Sir John Tavener: Tributes paid to composer
Tributes have been paid to Sir John Tavener, a leading British composer of the past 50 years, who has died at 69.
Fellow composer John Rutter told BBC Radio 3 that Sir John, known for his spiritual music, "was absolutely touched by genius at every point".
In 1992 The Protecting Veil topped the classical charts for several months and in 1997 his Song For Athene was sung at the funeral of Princess Diana.
He suffered ill health for much of his life, and died at his home in Dorset.
"He could bring an audience to a deep silence which is a very rare gift," Rutter told In Tune. "He believed that music was for everybody and was a prayer."
Sir John made his name with the avant-garde oratorio The Whale, which was released by The Beatles on their Apple label in 1968.
He went on to become one of the few contemporary composers to find wide acclaim beyond the classical world.
Sir John's other well-known works included his setting of William Blake's poem The Lamb and A New Beginning, which was chosen to see in the new century at the end of 1999 in the Millennium Dome in London.
He was nominated for the prestigious Mercury Prize twice - in 1992 and 1997 - and was knighted in 2000.
Sir John also won a Grammy in 2002 for best classical contemporary composition for Lamentations and Praises, recorded with San Francisco male choral ensemble Chanticleer.
Grammy president Neil Portnow said the musician "strived to create compositions that were noble, magnificent and inspirational".
Having started his musical career as a teenage organist at a Presbyterian church in London, he converted to the Russian Orthodox Church in 1977 and once said that "my way towards God has been to write music".
James Rushton, managing director of Sir John's publisher Chester Music, described him as "one of the unique and most inspired voices in music of the last 50 years".
"His large body of work... is one of the most significant contributions to classical music in our times," he said.
"For all of those fortunate enough to have known him, John was a man of strong beliefs, huge personal warmth, loyalty and humour. He will be much missed."
Sir John was also known for his imposing 6ft 6in (198 cm) frame and his flowing hair. As well as music, one of his great passions was luxury cars.
He had suffered a stroke in 1979, and in 1990 was diagnosed with Marfan Syndrome, a hereditary condition that can cause heart defects.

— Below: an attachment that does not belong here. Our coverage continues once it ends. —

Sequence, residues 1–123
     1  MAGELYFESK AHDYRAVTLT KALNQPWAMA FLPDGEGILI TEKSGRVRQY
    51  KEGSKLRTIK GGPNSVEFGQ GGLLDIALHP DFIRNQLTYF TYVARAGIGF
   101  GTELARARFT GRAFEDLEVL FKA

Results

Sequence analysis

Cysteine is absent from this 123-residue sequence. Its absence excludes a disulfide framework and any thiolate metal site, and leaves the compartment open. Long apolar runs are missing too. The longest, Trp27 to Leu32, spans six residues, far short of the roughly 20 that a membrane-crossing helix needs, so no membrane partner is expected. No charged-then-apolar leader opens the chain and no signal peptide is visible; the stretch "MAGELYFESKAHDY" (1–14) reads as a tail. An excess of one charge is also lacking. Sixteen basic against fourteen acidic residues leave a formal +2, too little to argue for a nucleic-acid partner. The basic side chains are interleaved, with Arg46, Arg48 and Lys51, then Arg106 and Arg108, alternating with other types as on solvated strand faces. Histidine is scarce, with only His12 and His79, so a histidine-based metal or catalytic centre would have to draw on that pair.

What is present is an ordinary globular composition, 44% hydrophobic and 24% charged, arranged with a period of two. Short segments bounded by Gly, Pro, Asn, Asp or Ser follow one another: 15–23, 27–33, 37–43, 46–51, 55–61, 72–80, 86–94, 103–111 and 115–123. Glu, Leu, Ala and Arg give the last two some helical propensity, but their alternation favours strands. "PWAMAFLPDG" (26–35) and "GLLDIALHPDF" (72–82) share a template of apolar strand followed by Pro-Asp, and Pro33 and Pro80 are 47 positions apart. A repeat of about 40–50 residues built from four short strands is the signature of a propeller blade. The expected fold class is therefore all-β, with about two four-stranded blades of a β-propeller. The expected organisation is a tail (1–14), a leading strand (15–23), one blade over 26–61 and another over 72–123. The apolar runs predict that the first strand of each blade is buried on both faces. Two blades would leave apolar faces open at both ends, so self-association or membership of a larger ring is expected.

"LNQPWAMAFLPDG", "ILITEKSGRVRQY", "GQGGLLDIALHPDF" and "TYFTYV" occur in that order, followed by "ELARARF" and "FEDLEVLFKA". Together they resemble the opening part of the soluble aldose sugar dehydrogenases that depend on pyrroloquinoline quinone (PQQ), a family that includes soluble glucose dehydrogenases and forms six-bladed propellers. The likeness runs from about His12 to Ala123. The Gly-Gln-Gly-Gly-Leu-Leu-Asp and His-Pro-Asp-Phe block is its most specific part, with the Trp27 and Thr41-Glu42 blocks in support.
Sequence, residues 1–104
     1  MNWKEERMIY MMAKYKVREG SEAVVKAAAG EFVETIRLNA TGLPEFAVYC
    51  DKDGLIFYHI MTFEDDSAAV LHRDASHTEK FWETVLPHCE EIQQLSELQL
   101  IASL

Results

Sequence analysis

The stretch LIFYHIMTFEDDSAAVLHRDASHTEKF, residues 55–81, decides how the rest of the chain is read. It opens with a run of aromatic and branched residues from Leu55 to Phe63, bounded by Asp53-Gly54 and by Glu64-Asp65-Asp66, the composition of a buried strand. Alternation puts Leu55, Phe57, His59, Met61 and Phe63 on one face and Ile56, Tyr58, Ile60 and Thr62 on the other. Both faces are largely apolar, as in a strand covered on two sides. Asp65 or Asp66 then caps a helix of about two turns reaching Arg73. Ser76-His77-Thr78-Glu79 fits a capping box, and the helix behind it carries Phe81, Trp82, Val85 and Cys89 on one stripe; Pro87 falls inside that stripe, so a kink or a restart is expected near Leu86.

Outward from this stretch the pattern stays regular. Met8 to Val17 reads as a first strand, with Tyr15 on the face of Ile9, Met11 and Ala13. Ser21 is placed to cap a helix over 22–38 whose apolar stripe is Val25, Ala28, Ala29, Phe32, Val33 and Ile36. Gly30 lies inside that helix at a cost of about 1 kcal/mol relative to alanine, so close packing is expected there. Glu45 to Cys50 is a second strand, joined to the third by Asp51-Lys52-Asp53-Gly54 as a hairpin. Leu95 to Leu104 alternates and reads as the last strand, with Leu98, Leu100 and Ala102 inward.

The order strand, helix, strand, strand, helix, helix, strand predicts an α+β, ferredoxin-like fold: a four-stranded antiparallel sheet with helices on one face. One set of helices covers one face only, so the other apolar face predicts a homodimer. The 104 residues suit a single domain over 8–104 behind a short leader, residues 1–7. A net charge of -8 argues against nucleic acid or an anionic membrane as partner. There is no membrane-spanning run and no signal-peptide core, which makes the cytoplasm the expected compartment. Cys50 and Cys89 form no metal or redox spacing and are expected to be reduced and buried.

In 2007 he suffered a heart attack that caused him to spend six months in intensive care. He defied doctors who did not expect him to return to work, and in his last months described composing as a welcome distraction from constant pain.
Sir John was heard on BBC Radio 4's Start the Week on Monday in an interview recorded on 31 October.
He recounted how his heart attack had left him unable to "sense the idea of God any more, [and] I couldn't sense any music".
'Music that calms and gets to the core'
Sir John Tavener was interviewed for the latest edition of BBC Music Magazine.
Editor Oliver Condy said: "He recognised he had this God-given talent for connecting with people.
"His music had this timelessness that very few composers have… there's a real sense of bringing together contemporary music and spirituality that really connects at the deep roots of people's existence.
"He understood what people like to hear, the kind of music that would calm and get to the core.
"He really could express so much in so little - the very famous Song for Athene is itself very simple, with an underlying bass note and repetitive phrases over and over again like a chant.
"John Tavener's music seemed to float and its beauty was in its very simplicity. Other composers have tried it and for some reason don't seem to have found the formula that John Tavener did."
He added: "It was only after being nursed by my wife back into some state of health that the music and a different kind of faith started to come back."
Sir John premiered three works at the Manchester International Festival this summer, The premiere of his latest work, Three Shakespeare Sonnets, is scheduled to take place at Southwark Cathedral on Friday.
Others paying tribute included cellist and collaborator Steven Isserlis, who remembered the composer as "full of humour, very funny".
"He's unique," Isserlis told Radio 3. "Classical music has fractured into all these completely different languages and voices and he had his own voice. He wasn't writing to be popular - he was writing the music he had to write."
Gill Graham, his publisher of 11 years, said he was a "true inspiration" to her. "He was a gentle, funny, kind, strong-willed and beautiful man. I will miss him terribly," she added.
Composer and conductor Sir Peter Maxwell Davies said Sir John's contribution to spiritual music was "immense", adding his death "is a great loss to the world of spiritual music".
Soprano Patricia Rozario said: "He really connected with our humanity, and people from all walks of life and different areas.
"Once he told me there were a whole group of youngsters who listened to his music while at a rave party, and he was quite touched by that, that even young people connected with his music."
Radio 3 controller Roger Wright described Sir John as "of one of our most powerful and individual voices".
A Clarence House spokesman said: "The Prince of Wales was saddened to hear of the death of John Tavener." He was widely reported to be Prince Charles's favourite composer.